This article appeared in the November 2008 edition of the Catholic Medical Quarterly

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Book Review - Annemarie Papanikitas

Medicine and Art

Alan E H Emery and Marcia Emery

Royal Society of Medicine Press Ltd (28 Nov 2002) £40, Hardback

In this first volume of their trilogy the authors take us on a journey dating back from paleomedicine to the modern scientific period and contemporary technological innovation. Through its illustrations the book broadly documents how the role of the physician has been influenced through time by psychology and social and cultural factors.

Three quarters of the 53 plates in this volume relate to the roles and responsibilities of the general practitioner and the clinical consultation. Other plates depict a diversity of healers and carers in different cultures and societies.

The writers mention and show works to illustrate the importance of the Christian Church in the history of medicine. Medical care until relatively recently was, for the most part, under the auspices of religious orders. Being educated with the ability to read and write the monks and nuns were familiar with medical practices that were going on elsewhere. Despite the belief that recovery was the result of divine intervention the Church acknowledged and respected the powers of secular healing as in Graeco-Roman times.

The authors have included a painting entitled "St. Humility Healing a Sick Nun" that illustrates the healing qualities of faith and the role of the Church in Medicine during the fourteenth century. Painted by Pietro Lorenzetti (1341) it depicts the saint in a convent ministering to a sick nun whilst in the adjoining room there is a less optimistic response from the visiting physician who gestures his helplessness towards the condition of the sick nun.

The two most potent works that the Emerys bring to our attention are "Science and Charity" painted in 1897 by Pablo Picasso at the tender age of sixteen and "The Doctor" by Sir Luke Fildes (c 1891). The dramatic effect realized by these scenes is no doubt due to the fact that both artists had recently suffered personal loss. Pablo Picasso had lost his sister two years previously. His painting is a realistic depiction of a doctor and a nun at the bedside of a sick woman. The doctor with his knowledge and skill, modeled on his father, represents the science aspect of the painting. The nun offering a drink to the sick woman represents charity and the caring aspect of medicine at that period.

Sir Luke Fildes’s painting, probably one of the most famous of all medical paintings, depicts a doctor keeping an all night vigil over a critically ill child. It was based on a Dr. Murray who in fact attended the artists own dying son a few years prior. The painting has a more joyful ending as the scene portrays the devoted gaze of the doctor as the dawn light breaks with the child having survived the night. This poignant, striking scene presents a vigilant and solicitous doctor who is unable to do little to combat the infection but acting as a custodian can only console and offer his support to the family. It remains a graphic reminder of how the practice and impotence of medicine were before the era of scientific medicine.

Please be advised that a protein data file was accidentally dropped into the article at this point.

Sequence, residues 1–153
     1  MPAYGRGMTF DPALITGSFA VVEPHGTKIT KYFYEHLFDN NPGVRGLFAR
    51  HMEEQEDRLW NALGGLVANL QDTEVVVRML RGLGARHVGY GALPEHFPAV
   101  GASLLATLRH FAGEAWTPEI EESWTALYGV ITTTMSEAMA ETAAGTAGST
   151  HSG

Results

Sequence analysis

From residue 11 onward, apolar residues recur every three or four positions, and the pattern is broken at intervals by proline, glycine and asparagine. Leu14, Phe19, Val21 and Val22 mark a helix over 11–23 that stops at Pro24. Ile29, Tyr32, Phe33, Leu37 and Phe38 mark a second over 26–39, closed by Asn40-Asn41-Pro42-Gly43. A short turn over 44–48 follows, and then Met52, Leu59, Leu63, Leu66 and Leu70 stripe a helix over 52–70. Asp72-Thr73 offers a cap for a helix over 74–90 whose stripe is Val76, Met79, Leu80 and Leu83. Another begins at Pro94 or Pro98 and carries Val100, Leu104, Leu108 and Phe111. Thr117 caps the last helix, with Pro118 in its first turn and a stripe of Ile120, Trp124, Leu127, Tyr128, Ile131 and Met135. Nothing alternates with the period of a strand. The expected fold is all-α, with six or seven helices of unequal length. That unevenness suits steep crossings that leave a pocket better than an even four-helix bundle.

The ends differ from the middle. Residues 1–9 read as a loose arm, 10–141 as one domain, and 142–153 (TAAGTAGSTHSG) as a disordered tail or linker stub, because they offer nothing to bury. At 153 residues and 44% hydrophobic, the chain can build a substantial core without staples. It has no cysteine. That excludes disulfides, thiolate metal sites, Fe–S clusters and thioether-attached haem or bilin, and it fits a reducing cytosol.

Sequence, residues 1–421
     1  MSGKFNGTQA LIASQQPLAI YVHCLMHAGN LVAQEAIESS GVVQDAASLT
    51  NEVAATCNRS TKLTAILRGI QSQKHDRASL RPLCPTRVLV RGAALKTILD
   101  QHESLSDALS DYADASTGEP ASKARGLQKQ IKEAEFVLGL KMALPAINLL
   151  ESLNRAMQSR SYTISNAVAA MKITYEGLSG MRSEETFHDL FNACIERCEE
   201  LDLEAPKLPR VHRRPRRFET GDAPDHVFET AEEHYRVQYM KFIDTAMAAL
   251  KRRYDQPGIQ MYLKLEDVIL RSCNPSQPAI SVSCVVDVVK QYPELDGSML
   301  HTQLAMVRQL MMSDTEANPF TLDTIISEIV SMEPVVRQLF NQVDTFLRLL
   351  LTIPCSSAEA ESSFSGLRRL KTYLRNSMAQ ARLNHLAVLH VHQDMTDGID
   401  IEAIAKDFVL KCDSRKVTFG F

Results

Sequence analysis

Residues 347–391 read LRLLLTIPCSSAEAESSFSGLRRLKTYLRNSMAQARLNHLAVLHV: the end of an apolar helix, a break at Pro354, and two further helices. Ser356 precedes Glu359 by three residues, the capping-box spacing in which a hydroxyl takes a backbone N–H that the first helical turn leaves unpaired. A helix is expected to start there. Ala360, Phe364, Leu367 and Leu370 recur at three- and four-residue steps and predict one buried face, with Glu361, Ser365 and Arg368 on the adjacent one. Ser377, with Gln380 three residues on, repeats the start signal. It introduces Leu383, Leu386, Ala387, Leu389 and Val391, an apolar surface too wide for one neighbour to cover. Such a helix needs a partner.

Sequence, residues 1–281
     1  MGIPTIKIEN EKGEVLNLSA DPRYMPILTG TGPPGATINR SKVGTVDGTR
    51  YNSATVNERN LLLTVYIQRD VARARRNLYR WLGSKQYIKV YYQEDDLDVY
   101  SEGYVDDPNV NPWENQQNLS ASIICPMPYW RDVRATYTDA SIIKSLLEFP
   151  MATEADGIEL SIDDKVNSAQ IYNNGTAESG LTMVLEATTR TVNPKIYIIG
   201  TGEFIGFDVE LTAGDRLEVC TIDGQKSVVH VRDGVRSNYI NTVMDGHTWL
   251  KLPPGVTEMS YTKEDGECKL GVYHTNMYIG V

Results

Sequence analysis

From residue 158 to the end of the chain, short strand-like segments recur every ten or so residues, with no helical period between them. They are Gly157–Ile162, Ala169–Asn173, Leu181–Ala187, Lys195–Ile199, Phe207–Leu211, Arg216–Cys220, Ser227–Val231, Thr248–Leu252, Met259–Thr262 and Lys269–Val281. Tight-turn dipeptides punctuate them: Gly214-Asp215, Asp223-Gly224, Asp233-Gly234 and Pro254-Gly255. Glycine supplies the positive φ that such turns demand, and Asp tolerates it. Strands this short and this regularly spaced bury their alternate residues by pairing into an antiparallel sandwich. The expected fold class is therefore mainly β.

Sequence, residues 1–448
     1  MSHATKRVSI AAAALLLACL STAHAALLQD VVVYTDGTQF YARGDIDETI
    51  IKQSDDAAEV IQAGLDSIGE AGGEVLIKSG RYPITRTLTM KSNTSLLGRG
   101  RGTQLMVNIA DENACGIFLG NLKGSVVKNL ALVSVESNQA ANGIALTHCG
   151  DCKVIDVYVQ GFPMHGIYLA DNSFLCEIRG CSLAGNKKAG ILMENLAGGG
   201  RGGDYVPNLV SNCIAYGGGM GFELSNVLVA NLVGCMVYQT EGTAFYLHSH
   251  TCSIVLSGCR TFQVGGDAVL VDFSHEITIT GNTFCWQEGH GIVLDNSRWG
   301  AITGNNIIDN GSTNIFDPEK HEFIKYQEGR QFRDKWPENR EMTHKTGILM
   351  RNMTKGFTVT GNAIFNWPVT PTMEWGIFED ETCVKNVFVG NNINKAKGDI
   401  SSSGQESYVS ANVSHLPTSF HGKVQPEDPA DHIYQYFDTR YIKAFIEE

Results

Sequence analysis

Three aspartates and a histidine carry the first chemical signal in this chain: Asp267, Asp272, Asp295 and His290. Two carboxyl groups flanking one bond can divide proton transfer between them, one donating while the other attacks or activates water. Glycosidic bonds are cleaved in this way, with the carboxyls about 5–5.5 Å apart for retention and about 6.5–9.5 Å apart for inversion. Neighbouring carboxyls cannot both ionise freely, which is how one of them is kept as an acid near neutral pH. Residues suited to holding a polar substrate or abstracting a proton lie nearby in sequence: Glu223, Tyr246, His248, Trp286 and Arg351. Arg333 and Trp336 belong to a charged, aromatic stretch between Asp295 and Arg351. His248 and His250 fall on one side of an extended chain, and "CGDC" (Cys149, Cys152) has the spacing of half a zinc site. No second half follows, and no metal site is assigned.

On a lighter note the Emerys have included depictions of a variety of quack doctors in their collection of paintings. A subtly humorous painting by Gerrit Dou entitled The Quack Doctor (1652) depicts a colourful genre scene with a quack doctor at centre stage selling potions under a Chinese umbrella. The quack, attired in the academic robes that would have been worn by the physicians at that time, is promoting his wares to the gathering crowd who give off various responses. As in many of the earlier renaissance paintings the artist portrays himself in the painting, sitting in a window looking out at the viewer. He appears to be inviting us to take part, or at least comment on this debate.

Also reproduced in the Emerys book are works by the eighteenth century satirical artists William Hogarth and Thomas Rowlandson, who along with others overstated the dubious state of the medical profession in Britain during that period. What appears to be highly significant in "The Inspection" by Hogarth, from his Marriage à la Mode series, are the doctor’s countless useless images and objects, referring to ineffectual remedies, surrounding the quack in his clinic. Hogarth showed great compassion to the vulnerable and the sick in society and was highly critical of the medical profession who he portrayed as being sybarites who reveled in exaggerating their limited diagnostic skills and treatments.

On the cover of ‘Medicine in Art’ the authors draw our attention to the nineteenth century, the dawn of medical science as we recognize it, and a period when many diagnostic tools were invented. Here a painting by Ernest Board (1910) depicts Rene Laennec listening to the chest of a patient with his monaural stethoscope invention. Laennec, who invented his stethoscope in 1816, is very expressively portrayed at an intense moment as he interprets the sounds coming from his patient’s chest. This iconic image is a redoubtable reminder that Rene Laennec’s invention in its many forms has become a symbol of medicine itself.